I, for one, think John Bolton is the best qualified candidate to run. For those who think he's too long a shot, I say, balderdash! America is being tested in a way she has never been tested before. The same old, same old will not do. Never have we had a President in the White House working against American interests and the damage Barack Hussein is inflicting on this great nation is incalculable. Milquetoast ain't the answer.
We must have a strong leader, statesman, patriot to right the ship in 2012. Bolton is the man. If the worst, least qualified candidate like Barack Hussein can be President, it stands to reason that the best, most qualified ought to have a shot.
We need a superhero :)
Jennifer Rubin, newly installed at the Washington Post blog, has the skinny:
It's December 2010, so it must be 2012 campaign season. A number of possible Republican presidential candidates have suggested (perhaps to endear themselves to weary political reporters) that they won't announce -- at least formally -- for several months. But that's a dodge. The pre-announcement jockeying -- which looks an awful lot like campaigning -- is well underway. Rep. Mike Pence delivered a candidate-like speech in Detroit on Monday. And a day doesn't pass without an e-mail missive from Team Pawlenty. Here at Right Turn, we'll be looking at and talking to would-be contenders and assessing how they might stack up against the competition. Today: former United Nations ambassador John Bolton.
There's been no harsher critic of the Obama administration's foreign policy than Bolton. Whether on START, the Iranian threat or "Russian reset," he makes no bones about his concern that President Obama is simply "in over his head" on national security, as he told me in a wide-ranging interview that touched on his own presidential aspirations and his criticisms of Obama.
Bolton has begun to talk openly to conservative gatherings and media about his interest in a 2012 presidential run. "I'm seriously considering it," he told me in an interview, in large part because of the "lack of foreign policy debate." Having gotten past the idle chatter stage, he says he's going to make the decision "in a very deliberate way" and suggests that making up his mind by mid-2011 is "not unreasonable." He contends that he stands as good a chance as anyone. "The race is wide open," he says. Anticipating questions about his ability to fund-raise, he says that new media has introduced a whole different style of campaigning, and it's not necessary to have millions in the bank, as did former Texas Gov. John Connally, who famously spent a fortune to get a single GOP delegate. Bolton jokes that when it comes to the largess of a Connally, "I don't have that luxury. But there are lots of things to consider -- like losing all of your personal income."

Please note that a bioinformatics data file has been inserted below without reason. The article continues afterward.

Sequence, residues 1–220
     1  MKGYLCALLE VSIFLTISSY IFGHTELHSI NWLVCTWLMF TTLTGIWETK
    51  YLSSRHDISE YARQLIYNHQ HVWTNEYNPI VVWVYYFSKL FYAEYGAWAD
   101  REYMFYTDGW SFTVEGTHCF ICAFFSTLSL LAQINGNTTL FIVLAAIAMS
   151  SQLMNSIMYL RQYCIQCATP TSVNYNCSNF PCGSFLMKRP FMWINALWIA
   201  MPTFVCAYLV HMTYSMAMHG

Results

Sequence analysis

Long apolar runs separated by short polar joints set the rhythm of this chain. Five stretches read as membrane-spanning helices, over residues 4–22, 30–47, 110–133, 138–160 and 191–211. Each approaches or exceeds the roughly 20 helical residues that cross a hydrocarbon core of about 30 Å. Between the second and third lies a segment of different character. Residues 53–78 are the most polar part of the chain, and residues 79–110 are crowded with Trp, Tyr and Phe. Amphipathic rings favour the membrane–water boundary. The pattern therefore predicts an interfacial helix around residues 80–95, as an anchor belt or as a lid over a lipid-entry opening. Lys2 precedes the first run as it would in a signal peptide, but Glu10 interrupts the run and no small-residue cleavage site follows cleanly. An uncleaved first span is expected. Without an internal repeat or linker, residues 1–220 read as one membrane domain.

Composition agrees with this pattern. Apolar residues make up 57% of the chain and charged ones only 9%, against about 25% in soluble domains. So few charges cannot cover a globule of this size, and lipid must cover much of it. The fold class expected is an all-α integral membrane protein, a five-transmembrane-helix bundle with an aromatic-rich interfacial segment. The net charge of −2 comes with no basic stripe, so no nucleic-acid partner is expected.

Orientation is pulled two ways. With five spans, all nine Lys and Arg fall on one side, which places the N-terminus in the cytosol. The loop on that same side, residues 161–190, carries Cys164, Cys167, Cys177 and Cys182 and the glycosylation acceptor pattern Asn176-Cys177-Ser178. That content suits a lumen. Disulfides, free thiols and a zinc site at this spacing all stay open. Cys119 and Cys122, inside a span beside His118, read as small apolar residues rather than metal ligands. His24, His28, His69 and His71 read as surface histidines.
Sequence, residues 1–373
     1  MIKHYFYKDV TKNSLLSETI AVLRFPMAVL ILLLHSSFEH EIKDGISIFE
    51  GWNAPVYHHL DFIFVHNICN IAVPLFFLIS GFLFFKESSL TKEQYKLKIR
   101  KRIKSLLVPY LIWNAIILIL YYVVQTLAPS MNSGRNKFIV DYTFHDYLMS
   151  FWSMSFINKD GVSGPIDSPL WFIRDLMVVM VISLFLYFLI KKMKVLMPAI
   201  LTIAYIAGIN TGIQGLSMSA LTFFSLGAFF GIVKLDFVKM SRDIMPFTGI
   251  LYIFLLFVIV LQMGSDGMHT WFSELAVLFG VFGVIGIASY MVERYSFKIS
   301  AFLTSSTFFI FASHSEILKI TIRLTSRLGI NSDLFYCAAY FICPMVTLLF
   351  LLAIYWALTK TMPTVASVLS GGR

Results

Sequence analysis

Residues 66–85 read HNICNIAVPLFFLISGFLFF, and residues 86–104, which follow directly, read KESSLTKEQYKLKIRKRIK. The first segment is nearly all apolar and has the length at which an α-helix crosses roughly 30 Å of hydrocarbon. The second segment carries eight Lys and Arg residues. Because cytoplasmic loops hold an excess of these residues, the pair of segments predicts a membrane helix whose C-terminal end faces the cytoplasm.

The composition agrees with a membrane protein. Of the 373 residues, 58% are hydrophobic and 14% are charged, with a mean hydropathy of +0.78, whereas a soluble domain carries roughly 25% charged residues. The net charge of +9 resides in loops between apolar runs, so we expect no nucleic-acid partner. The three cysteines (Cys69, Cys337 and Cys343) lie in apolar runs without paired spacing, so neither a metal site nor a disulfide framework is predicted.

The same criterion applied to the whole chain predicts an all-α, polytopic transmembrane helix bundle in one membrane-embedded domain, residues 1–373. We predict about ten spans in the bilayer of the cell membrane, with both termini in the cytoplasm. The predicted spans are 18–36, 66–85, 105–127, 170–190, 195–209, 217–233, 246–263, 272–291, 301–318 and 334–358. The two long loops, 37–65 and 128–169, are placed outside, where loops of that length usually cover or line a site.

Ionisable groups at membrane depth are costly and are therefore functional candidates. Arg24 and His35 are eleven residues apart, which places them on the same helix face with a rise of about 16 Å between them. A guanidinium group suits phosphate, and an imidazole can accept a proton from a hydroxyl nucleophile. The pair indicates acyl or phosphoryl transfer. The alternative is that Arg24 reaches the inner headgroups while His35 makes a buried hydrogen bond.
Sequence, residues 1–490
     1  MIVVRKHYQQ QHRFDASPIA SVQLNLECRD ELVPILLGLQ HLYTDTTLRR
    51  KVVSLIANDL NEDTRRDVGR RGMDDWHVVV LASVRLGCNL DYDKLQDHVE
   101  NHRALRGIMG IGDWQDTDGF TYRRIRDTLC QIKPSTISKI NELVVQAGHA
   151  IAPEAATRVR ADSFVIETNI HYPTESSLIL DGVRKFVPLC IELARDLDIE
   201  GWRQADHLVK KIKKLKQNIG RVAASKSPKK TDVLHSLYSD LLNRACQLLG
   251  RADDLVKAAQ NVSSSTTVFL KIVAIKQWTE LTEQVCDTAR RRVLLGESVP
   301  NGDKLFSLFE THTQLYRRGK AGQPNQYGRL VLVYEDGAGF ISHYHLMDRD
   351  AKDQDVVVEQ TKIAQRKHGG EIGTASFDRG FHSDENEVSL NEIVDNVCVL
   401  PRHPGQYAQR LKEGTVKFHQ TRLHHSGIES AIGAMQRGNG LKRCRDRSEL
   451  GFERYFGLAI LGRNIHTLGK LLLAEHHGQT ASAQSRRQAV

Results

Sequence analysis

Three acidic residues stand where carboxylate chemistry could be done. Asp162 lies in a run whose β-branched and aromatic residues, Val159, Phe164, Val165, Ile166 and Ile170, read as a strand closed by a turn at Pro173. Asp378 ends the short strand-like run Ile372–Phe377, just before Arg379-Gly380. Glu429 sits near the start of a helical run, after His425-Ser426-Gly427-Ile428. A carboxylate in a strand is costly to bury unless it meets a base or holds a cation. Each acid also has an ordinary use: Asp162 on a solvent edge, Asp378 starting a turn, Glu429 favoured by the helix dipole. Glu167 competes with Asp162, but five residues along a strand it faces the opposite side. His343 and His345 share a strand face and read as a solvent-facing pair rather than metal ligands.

Even admirers of Bolton acknowledge that his run would be a long shot. But in a field that includes many "serious" contenders with no foreign policy experience, Bolton would certainly have a rationale for his run -- to elevate discussion of foreign policy at a time when elected Republicans have many criticisms of the administration, but little opportunity to divert attention from domestic policy concerns. One key Republican congressional staffer confessed to me this week that with some notable exceptions, including Rep. Eric Cantor, most House members don't consider foreign policy "within their comfort zone." But a candidate like Bolton can certainly tee up issues, and in fact, amidst the buzz around his potential candidacy, he is already doing just that.
As a senior fellow at the American Enterprise Institute, Bolton travels widely and speaks to foreign policy officials around the globe. He says he hears a lot about the "fundamental weakness" of Obama's foreign policy approach. "Despite all the goodwill" when he took office, Bolton says, "the performance and the execution - beyond the substance - have a lot to be desired." Bolton asserts that "unlike every president since FDR, this president doesn't think foreign policy is a top priority." Bolton says he is particularly concerned about the Iranian threat: "Arab states don't want Iran to have nuclear weapons any more than Israel does, and they fear that Obama is going to deliver them into the hands" of a nuclear-armed Iran. (This observation was confirmed by the WikiLeaks documents released this week.)
If, as Bolton describes, the perception of Obama is now one of weakness, how does the administration get back on track? "Once you are perceived as not being up to the job, and we're at that point, only performance can get it back." But Bolton cautions that no one should wish for a crisis for Obama to prove his mettle -- and he adds that, given Obama's past performance, he's not optimistic about how the president would perform in such a crisis.